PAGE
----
The spare and vigorous gentleman on the opposite page, William Graham Claytor, Jr., superintending the departure of a local out of South Sun-Porch Station, D.C., at his brick house in Georgetown, is the only man in Washington, or anywhere else in the country for that matter, who runs two big passenger railroads. His other layout is the twenty-five thousand miles, more or less, of Amtrak, with headquarters a few miles away at the newly restored Union Station. There, with great gusto and success, Claytor is propelling this country’s remaining passenger-railroad service into the future. At home, with his toy-train collection, he lingers happily in the atmosphere of the past, the great days of railroading, the late nineteenth and early twentieth centuries.

This is not model railroading, not realistic trains stamped out to scale in metal or plastic, HO gauge and the like. Toy collectors go in for aging tin plate, cast iron, brass, and wood, for bright colors and simplified shapes designed for the imaginative eye of a child. Quite often the affection lingers for life. It can be disguised, if one is embarrassed, by talk about folk art and the charm of the exaggerated forms. Claytor simply enjoys collecting, tinkering a bit, and operating trains.

He was moonlighting at the Claytor lines one weekend in January this year when I called. It was well after Christmas, but tracks of various gauges, some with overhead wires, still ran all over the large sun-porch floor. Mrs. Claytor was away. Traffic was heavy in and around the furniture, and signals were blinking.


It must be great, I suggested, to have no competition, no unions, no ICC, no FRA, no DOT, no White House trying to close you down. Claytor said nothing. “Well,” I said, “what about Mrs. Claytor and all this track? When does she institute abandonment proceedings?” He smiled. “We have a rule,” he replied, “that it can stay down for a reasonable period after Christmas.” He pronounced reasonable with lawyerly emphasis; the law is his basic profession. “In the past I have managed to interpret that as the first part of February, at least. This year I have a green board until early March if I want, because she’s going to be in Florida. The deal was made when I had my lay-out in the attic and she began to collect dollhouses. They take up a lot of room. She wanted the attic, so I traded for trackage rights down here once a year.”

Had he ever considered the big garden out behind?

“You have to set up a pretty permanent track outdoors, and I did have a Buddy ’L’ live steamer operating in the lower garden for the whole time our kids were growing up. Then I got so busy that I couldn’t keep up the maintenance on the right-of-way. I tore it up twelve or thirteen years ago. The kids are grown now and my son has children, up in Buffalo, New York. The Buddy ’L’ has gone up there.”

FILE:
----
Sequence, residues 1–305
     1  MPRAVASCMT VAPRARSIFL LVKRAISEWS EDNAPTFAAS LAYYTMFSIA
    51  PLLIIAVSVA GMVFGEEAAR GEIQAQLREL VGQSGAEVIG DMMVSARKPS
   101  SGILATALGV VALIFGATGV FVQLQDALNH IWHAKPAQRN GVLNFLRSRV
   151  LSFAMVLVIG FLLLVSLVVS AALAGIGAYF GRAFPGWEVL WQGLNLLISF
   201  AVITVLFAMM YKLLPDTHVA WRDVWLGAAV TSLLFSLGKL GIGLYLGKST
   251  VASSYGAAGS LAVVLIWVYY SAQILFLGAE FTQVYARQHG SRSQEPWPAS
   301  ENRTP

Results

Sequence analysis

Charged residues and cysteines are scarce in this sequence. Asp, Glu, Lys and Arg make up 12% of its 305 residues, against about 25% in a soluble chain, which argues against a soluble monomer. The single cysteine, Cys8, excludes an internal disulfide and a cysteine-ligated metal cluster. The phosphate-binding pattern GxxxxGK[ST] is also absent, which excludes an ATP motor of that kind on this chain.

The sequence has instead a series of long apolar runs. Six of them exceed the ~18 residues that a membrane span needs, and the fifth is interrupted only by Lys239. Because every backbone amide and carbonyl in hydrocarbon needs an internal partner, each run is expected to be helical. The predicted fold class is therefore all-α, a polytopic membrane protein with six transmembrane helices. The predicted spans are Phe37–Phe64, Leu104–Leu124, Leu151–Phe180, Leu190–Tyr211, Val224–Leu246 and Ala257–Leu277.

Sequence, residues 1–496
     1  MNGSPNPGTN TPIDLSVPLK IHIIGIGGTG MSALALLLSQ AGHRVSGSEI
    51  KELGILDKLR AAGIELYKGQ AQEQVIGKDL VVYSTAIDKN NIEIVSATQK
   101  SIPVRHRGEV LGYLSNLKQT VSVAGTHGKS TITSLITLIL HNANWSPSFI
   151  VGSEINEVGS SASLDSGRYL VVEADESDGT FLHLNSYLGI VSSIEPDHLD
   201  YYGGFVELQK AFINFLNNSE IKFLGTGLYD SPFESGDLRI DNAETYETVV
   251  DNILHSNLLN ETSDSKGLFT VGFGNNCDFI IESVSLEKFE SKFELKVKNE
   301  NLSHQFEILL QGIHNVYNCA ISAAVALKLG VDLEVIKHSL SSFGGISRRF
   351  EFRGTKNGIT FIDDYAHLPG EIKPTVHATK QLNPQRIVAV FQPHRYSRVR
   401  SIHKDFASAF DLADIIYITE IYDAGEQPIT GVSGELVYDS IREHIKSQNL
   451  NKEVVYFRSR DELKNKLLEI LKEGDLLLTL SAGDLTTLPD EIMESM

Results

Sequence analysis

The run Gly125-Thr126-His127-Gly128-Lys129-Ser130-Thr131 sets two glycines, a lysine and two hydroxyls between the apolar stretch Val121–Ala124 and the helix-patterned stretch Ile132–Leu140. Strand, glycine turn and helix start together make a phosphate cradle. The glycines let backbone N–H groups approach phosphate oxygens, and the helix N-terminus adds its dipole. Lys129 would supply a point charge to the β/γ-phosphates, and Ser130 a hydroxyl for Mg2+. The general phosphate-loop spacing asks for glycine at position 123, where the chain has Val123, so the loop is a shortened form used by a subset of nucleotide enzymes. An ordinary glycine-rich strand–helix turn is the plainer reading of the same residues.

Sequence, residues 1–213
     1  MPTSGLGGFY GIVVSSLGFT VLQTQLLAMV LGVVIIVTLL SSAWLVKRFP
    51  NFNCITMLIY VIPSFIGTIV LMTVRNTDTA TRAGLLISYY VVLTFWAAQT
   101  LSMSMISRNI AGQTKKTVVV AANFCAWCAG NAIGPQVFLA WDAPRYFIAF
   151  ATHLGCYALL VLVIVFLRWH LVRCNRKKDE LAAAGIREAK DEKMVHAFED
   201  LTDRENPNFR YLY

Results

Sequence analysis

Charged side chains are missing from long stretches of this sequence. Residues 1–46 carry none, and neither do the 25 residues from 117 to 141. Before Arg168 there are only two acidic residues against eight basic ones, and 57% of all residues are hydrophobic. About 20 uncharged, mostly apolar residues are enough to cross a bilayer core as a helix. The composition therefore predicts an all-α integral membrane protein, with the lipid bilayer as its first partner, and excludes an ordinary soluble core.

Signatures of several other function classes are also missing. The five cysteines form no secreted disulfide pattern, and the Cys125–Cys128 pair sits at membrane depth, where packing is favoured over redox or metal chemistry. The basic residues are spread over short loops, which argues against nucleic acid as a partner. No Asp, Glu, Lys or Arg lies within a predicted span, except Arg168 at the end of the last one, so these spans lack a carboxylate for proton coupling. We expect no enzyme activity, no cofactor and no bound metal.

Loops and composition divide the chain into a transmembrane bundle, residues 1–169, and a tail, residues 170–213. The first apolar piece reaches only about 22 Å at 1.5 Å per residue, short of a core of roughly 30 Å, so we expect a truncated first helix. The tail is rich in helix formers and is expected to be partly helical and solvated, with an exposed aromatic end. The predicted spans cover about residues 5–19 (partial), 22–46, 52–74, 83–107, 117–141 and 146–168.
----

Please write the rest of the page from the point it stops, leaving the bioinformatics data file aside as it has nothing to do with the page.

There was a brief interruption when the train jumped a switch. Claytor replaced it on the track nonchalantly. “Tracks tend to slip a bit here.”

I pursued the Buddy “L.”

“Those are big, heavy toy trains, three and a quarter inches between the rails, that little children can ride on outdoors. They have heavy steel rails and ties, heavy open cars, and a model of a light Pacific locomotive up ahead. The engine is forty inches long. They were produced by the Moline Pressed Steel Corporation in Illinois, along with similarly made toy trucks, steam shovels, and fire engines.” Claytor speaks very precisely on machinery.


And the propulsion?

“Oh, you pushed, but I put a boiler and live steam in one engine.”

Abashed at the thought of that task, I asked about the name. “Buddy ’L’ was the nickname of the son of the head of the company, a fellow named Lundahl. There’s a lot of that in toy trains. Lionel was the name of the man who founded that big company, Joshua Lionel Cowen. Hansaned on the side of that Voltamp parlor car is for Hans and Ed Fultz, who ran the Voltamp Electric Manufacturing Company of Baltimore. Of course, Voltamp is another put-together name. It was a big company in the early 1900s, and trains and trolleys were just their sideline.”

Claytor shut off the power, stranding the South Sun-Porch local behind some furniture, and led me on a tour. I noted at least eight rooms lined with shelves displaying trains of all makes, foreign and domestic, not counting more veteran rolling stock in hallways and stairwells. We came to a glistening electric steeple-cab locomotive, lettered WB&A, and I recognized the legendary interurban line that once linked Washington, Baltimore, and Annapolis.

Some toy trains used overhead wires, but most adults remember three-rail O-gauge track.

“Voltamp made this too. I have several of them. Mining and tunnel engines. All in Baltimore & Ohio livery. I re-painted and re-lettered this one and added an old Voltamp trolley pole to make it look like a trolley switcher.”

You’re not supposed to paint antiques, but Claytor obviously mourns for the WB&A.